Equipment levels are generous. Even with base 'SE-L' trim, you can expect to find 16-inch 'Silver Metallic' alloy wheels, full-LED headlights with auto-levelling, LED rear lamps, rear parking sensors, heated mirrors, auto headlamps and wipers and a Thatcham Category 1 alarm. Interior features include elements you you'd normally have to pay extra for at the bottom of the range on a car of this kind - things like a Head-up display, power-folding functionality for the door mirrors and, for the driver's seat, lumbar support and cushion tilt adjustment. More expected inclusions run to air conditioning and leather for the steering wheel and gear knob, along with a trip computer.
Originally, Mazda's Skyactiv technology was mostly about saving weight. It still is, but other brands have now overtaken this Japanese maker in that regard as the Hiroshima brand concentrates instead on more efficient under-bonnet engineering. Turbocharging, the company says, isn't a good route to high efficiency, but mild hybrid tech is, hence the introduction of 'M Hybrid' light electrification on the base 2.0-litre Skyactiv-G petrol engine we tried.
This 24V mild hybrid system improves fuel economy by recycling recovered kinetic energy. A belt-driven integrated starter-generator stores the energy recovered under deceleration in a 600kJ lithium-ion battery, while a DC-DC converter supplies it to the car's electrical equipment features. Building further on this, the Skyactiv-G powerplant has reduced mechanical friction thanks to an upgraded piston skirt and an optimised oil ring profile. And there's a coolant control system for thermal management that promotes quick engine warm-up to reduce fuel consumption. More significantly, it also features cylinder deactivation, which shuts down cylinders one and four in light-load situations, such as when cruising at a constant speed.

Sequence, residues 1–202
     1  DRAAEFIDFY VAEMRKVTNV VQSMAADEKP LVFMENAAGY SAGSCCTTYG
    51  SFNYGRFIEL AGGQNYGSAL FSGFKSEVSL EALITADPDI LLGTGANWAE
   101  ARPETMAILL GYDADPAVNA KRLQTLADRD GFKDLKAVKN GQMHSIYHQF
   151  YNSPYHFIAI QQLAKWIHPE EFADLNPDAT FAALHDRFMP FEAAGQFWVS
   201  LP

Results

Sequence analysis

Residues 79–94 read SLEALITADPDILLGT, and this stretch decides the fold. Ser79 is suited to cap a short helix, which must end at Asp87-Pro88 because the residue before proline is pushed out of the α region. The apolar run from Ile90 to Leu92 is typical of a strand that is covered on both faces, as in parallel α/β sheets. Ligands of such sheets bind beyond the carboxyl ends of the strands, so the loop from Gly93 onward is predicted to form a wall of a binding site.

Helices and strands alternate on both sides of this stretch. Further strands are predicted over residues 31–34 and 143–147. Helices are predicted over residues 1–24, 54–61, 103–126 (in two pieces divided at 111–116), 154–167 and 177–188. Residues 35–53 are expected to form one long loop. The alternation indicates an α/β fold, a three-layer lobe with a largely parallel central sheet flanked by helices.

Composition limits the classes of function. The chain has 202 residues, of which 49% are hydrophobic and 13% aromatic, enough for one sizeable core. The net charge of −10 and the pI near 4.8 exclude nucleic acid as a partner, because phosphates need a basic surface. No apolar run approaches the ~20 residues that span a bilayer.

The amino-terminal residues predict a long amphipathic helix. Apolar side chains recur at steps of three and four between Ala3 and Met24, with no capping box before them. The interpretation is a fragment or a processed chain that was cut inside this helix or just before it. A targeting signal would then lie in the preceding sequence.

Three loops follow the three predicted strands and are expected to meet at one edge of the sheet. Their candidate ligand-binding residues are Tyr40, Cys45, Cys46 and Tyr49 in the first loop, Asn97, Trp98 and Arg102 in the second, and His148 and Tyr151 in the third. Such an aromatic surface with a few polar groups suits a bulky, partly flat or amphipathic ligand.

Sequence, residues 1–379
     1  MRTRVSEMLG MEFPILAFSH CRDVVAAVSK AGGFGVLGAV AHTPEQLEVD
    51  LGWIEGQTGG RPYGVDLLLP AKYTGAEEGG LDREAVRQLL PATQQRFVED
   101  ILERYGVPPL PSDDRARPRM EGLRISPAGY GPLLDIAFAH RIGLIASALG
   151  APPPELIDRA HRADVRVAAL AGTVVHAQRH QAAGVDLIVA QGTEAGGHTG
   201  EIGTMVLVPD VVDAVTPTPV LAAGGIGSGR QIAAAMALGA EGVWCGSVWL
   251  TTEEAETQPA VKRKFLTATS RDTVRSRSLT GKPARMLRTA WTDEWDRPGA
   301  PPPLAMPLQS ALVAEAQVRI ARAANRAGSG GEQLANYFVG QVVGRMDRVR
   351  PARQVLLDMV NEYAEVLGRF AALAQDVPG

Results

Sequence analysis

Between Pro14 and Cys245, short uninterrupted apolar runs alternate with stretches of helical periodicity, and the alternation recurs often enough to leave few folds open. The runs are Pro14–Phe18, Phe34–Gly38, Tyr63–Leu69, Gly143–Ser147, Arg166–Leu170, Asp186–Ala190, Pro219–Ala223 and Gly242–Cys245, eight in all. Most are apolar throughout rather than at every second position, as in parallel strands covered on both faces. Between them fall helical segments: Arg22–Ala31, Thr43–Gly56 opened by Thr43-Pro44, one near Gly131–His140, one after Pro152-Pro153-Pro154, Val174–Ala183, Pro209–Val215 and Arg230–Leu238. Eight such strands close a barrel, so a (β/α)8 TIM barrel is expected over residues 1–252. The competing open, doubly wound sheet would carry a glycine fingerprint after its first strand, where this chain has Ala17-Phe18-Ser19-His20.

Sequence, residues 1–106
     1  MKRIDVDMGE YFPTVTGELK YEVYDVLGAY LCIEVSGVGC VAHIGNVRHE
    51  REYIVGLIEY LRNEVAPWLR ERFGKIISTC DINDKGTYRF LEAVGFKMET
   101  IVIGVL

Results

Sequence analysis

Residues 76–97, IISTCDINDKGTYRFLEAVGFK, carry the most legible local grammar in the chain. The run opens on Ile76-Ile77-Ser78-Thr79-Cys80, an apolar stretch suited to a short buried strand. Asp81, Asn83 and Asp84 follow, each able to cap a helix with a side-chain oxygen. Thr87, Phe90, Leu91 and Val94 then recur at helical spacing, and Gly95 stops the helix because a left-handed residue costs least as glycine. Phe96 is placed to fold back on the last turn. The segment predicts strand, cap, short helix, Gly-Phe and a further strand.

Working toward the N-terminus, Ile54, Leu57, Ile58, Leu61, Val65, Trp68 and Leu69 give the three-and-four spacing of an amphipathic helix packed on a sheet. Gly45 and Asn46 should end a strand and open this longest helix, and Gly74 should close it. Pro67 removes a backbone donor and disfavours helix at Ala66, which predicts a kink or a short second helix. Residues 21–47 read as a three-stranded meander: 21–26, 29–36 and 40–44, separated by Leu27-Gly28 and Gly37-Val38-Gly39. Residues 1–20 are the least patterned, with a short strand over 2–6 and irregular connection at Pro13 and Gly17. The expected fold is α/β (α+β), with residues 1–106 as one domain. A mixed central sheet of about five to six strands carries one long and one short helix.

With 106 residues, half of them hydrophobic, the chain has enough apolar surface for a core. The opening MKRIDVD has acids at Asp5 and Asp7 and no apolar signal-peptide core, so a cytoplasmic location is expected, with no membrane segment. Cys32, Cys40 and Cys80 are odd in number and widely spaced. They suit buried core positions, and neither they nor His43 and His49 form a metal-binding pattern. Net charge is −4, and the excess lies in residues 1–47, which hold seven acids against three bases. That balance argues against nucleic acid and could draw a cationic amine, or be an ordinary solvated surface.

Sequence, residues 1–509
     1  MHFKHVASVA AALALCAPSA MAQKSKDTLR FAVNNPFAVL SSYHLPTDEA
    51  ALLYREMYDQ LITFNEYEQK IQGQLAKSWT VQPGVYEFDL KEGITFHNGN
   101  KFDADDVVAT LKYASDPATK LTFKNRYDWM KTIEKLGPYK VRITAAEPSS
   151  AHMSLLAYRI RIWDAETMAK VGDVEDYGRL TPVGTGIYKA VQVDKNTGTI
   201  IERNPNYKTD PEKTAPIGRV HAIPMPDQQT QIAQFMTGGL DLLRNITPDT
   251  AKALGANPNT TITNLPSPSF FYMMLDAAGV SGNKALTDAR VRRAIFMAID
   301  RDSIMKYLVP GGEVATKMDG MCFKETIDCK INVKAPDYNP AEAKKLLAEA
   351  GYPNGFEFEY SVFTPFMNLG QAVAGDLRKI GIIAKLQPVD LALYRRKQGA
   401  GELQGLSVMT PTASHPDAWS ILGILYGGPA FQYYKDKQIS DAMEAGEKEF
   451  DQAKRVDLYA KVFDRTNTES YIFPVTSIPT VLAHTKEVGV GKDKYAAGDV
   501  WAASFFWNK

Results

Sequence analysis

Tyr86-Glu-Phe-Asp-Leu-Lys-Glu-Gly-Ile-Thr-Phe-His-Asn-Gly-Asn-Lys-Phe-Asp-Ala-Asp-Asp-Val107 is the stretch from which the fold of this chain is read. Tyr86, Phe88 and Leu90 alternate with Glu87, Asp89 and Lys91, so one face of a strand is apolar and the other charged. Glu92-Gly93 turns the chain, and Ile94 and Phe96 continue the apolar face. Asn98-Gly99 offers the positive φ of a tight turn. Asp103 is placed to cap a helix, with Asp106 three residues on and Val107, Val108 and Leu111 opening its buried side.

The result of all that technological effort is a set of fuel economy and emissions figures a lot better than you'd normally expect from a 2.0-litre petrol engine - up to 45.6mpg on the combined cycle and up to 117g/km of CO2. Unfortunately for Mazda though, these readings aren't particularly special by the standards achieved by comparable petrol engines producing around 120PS in the family hatchback segment.
Like Volvo, Mazda has thrived since being released from the shackles of Ford ownership. To the point where the brand has almost pulled off the perfect package here: Golf-like quality, Focused driving dynamics and an almost Italianate sense of style. We've found it very difficult to fault this car in the first two of those areas. And its efforts to stand out are laudable, but they do severely compromise back seat space and rear passenger visibility. And to some extent boot capacity too.
The Skactiv engine technology is also a mixed bag. This test car's Skyactiv-G petrol unit isn't particularly noteworthy in terms of either performance or efficiency. If you can live with these few caveats, we have little doubt you'd live very happily with this Mazda3. Steering feel and handling match the finest in the segment, while manual gearbox response betters it, taking this car to the point where we'd pronounce it to be the best all-round choice in the class when it comes to driving dynamics.